Global demand for electric vehicles (EVs) is on the rise, and with it demand for EV batteries and the key minerals needed to produce them. China is the world’s fourth-largest producer of lithium — perhaps the most important EV component of all — and is far-and-away the #1 lithium processor, giving it a critical edge over the U.S. and its democratic, capitalist trading partners as EV production and sales ramp up. The Biden administration and Congress have been taking a number of steps to enable the U.S. and its compadres to reduce — with an aim to end — our dependence on Chinese batteries going forward. One recent move by the U.S. was to provide EV subsidies only to vehicles whose batteries and battery components come from the U.S., Canada or other countries we can depend on through thick and thin. But much more substantial advances need to be made to encourage lithium production if there’s to be any hope of securing a significant portion of the minerals expected to be required for an energy transition. In today’s RBN blog, we discuss these efforts and the challenges the U.S. and its friends face in becoming “EV-battery independent.”
Whether it’s crude oil, natural gas or some other buried treasure, there’s one piece of advice from Indiana Jones that still rings true — finding it is never as easy as “X marks the spot.” Well-site preparations and drilling can take long enough on their own, but that doesn’t account for the time it takes to ensure — or at least raise the odds — that those all-important hydrocarbons will actually be found. In today’s RBN blog, we look at how seismic surveys are conducted and the key steps in permitting and well-site preparation.
After the catastrophic experience of Winter Storm Uri in February 2021, the Electric Reliability Council of Texas was restructured, with new statutory requirements and a whole new cast of characters. The Texas Railroad Commission (TRRC) put in place a number of fixes, including more stringent reliability rules for natural gas suppliers, from producers to transmission pipelines. At the same time, booming LNG exports, largely to Europe, combined with growth in Permian production have created new pressures and opportunities around the Texas energy mix — as well as implications for the ongoing transition to low- or no-carbon energy sources. How can all of these issues be understood and addressed at once — and in a way that doesn’t bore us all to tears? In today’s RBN blog, we outline the major themes to be discussed during the Texas Energy Symposium being planned by the Energy Bar Association and the University of Texas Law School.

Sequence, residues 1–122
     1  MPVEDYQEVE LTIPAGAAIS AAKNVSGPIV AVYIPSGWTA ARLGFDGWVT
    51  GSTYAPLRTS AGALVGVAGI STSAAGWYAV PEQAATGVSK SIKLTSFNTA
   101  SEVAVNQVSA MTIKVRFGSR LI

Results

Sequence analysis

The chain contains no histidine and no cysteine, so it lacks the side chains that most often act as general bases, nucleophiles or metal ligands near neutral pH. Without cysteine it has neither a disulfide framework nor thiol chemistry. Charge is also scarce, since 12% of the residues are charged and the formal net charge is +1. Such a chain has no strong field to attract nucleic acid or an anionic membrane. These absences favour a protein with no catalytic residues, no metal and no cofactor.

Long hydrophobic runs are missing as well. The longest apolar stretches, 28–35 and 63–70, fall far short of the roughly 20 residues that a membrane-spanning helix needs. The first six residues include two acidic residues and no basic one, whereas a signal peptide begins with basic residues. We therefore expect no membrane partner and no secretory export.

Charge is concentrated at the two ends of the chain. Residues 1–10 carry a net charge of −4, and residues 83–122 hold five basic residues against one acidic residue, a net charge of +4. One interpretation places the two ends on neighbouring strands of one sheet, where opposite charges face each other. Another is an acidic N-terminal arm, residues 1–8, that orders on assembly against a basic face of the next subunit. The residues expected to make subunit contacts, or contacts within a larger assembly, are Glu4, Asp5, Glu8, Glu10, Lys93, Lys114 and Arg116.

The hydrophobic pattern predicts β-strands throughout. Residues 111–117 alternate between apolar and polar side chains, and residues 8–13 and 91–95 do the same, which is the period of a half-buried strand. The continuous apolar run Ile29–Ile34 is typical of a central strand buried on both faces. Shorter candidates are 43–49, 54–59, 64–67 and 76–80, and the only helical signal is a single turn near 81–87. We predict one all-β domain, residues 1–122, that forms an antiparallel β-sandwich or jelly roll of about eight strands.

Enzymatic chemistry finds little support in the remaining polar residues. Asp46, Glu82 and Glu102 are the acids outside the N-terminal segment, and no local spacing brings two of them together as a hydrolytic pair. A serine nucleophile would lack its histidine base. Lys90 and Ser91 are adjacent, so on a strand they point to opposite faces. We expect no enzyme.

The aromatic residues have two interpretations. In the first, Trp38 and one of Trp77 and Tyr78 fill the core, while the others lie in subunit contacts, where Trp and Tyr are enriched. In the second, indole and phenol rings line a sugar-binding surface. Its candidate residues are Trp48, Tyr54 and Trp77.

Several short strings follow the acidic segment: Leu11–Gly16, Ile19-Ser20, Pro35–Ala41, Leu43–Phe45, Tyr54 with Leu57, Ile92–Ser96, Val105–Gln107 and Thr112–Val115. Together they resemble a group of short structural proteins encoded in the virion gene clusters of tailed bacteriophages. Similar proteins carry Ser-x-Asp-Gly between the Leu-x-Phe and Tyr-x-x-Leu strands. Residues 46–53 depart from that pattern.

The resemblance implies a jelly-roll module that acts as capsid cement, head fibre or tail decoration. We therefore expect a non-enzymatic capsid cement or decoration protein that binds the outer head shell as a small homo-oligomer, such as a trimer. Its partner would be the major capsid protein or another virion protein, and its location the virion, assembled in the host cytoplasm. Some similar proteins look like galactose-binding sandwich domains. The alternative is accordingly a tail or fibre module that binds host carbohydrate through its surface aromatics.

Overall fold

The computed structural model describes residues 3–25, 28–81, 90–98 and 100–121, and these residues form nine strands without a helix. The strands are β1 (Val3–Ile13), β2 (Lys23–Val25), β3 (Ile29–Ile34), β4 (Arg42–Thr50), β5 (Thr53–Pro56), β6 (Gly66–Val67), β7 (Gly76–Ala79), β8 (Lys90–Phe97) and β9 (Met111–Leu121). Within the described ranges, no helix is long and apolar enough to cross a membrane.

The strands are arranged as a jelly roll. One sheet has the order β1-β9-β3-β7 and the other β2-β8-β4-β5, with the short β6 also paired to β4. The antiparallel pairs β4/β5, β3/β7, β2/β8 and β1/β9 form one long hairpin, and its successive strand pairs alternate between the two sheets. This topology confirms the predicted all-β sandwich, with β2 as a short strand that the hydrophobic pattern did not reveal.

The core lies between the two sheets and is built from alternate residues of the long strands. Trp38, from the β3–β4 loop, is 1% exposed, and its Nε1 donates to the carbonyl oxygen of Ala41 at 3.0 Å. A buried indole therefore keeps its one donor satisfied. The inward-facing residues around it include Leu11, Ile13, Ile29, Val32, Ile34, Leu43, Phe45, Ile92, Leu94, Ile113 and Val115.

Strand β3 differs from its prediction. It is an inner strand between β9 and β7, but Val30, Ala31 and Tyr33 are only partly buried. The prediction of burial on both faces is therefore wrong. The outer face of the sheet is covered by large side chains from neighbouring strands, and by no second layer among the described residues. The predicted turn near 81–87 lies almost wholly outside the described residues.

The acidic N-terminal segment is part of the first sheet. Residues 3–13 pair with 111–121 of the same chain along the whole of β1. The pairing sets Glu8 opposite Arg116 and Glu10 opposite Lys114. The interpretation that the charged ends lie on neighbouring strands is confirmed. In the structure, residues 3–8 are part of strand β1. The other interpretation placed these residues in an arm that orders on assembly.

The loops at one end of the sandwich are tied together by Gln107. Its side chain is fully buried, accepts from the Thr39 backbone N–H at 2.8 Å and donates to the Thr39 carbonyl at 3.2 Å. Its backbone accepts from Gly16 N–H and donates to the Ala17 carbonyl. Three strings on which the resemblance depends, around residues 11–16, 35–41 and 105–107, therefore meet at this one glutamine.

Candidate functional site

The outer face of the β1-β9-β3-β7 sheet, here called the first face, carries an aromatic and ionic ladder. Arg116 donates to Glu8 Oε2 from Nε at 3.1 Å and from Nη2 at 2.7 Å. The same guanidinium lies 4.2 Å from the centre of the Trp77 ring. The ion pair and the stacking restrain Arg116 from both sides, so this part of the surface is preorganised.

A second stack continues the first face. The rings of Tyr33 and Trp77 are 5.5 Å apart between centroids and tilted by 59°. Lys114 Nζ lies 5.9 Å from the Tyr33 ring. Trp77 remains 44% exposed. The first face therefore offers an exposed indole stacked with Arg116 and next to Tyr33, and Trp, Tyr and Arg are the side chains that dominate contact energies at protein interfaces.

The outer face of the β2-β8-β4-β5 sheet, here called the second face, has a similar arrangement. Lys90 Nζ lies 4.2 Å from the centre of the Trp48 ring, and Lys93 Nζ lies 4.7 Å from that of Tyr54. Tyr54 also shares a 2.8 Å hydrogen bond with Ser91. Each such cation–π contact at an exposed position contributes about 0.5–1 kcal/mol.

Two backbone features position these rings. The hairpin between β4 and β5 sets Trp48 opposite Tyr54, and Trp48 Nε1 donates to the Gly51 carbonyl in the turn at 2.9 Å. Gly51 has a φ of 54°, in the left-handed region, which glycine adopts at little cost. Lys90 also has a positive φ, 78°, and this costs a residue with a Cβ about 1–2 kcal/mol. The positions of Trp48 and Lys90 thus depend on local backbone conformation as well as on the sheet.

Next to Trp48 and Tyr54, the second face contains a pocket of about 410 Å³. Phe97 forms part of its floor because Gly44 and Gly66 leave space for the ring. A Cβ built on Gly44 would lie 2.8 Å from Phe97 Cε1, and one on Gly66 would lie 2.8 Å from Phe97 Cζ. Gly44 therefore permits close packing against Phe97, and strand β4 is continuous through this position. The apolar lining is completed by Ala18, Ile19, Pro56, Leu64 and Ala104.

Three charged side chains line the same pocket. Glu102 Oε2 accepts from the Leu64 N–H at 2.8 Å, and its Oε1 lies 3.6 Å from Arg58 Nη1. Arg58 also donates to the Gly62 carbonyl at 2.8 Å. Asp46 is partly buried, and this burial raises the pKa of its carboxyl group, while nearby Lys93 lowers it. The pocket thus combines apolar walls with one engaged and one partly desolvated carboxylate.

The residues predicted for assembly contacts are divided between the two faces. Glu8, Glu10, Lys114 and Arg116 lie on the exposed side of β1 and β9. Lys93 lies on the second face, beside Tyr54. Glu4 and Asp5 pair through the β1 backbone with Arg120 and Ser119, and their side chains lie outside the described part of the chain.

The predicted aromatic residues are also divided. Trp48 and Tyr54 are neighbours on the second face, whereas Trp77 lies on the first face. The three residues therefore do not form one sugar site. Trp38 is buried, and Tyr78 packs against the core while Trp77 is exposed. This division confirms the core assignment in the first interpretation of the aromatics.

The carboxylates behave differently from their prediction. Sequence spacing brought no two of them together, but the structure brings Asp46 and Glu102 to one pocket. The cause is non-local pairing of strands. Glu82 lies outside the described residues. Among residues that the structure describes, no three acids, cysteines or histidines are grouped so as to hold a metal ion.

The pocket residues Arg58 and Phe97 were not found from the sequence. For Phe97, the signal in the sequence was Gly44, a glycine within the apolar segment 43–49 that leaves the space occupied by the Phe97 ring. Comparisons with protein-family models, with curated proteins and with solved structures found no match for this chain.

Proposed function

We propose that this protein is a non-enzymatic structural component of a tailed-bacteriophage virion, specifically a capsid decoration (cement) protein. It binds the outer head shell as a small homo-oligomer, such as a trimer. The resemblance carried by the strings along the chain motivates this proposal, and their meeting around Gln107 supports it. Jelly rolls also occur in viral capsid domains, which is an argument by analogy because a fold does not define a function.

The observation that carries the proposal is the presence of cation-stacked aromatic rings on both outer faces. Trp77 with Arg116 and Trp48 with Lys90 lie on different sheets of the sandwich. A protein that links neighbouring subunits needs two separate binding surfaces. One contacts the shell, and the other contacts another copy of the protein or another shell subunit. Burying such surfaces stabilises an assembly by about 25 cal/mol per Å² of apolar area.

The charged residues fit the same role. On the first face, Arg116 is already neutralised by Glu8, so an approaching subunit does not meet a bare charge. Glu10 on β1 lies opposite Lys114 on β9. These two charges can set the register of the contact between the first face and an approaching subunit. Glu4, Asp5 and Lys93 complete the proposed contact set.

In these uncertain times, with the energy transition in flux and a recession looming, it takes moxie for a company to make a major capital investment in an energy-related project, especially one that could arguably be called the first of its kind. But that’s what’s happening at a site along the Houston Ship Channel (HSC) in Pasadena, TX, where Next Wave Energy Partners, which is now completing an ethylene-to-alkylate plant, is planning an adjoining ethanol-to-ethylene facility that will enable the company to produce bioethylene, renewable alkylate and/or sustainable aviation fuel (SAF), depending on market demand, production economics and other factors. In today’s RBN blog, we discuss the ins and outs of Next Wave’s Project Lightning.
When it comes to U.S. crude oil plays, no basin has been more resilient than the Permian post-2020, and by extension, no basin has played a bigger role in taming oil prices — and regional natural gas prices — in recent months. While crude production in most other oil-focused basins is flat-to-lower on average since 2020, Permian crude output has climbed 15% in that time, from about 4.5 MMb/d in 2020 to just over 5.1 MMb/d this year to date, with much of that growth occurring in the past year or so. You could say Permian crude saved the day — at least for a time. However, that growth could not have happened without a significant build-out of natural gas midstream infrastructure. And a lot more of it will be needed if Permian crude production is to continue growing and keep U.S. crude oil prices in check. In today’s RBN blog, we provide an update on gas processing capacity in the Permian.
Total U.S. LNG export capacity is around 12 Bcf/d, including the still-commissioning-but-nearly-complete Calcasieu Pass. About 13.5 Bcf/d of U.S. natural gas supplies, or feedgas, is required to produce that much LNG, but feedgas demand has averaged just 10.5 Bcf/d over the past week despite still-soaring global gas prices and an undersupplied global LNG market. Two U.S. terminals are currently offline: Freeport LNG, which has been out of service since an explosion and fire in June, and now Cove Point LNG, which shut for annual maintenance October 1. Beyond those outages, which have taken about 2.75 Bcf/d of demand out of commission, LNG feedgas volumes have been extremely volatile, swinging as much as 2 Bcf/d within a week. Don’t expect this to last, however — with winter approaching, the return of both Freeport and Cove Point on the horizon, and the full startup of Calcasieu Pass in sight, feedgas demand will likely rise to new heights and soon consistently top 13 Bcf/d. In today’s RBN blog we take a closer look at the recent volatility in LNG feedgas and the potential demand coming this winter.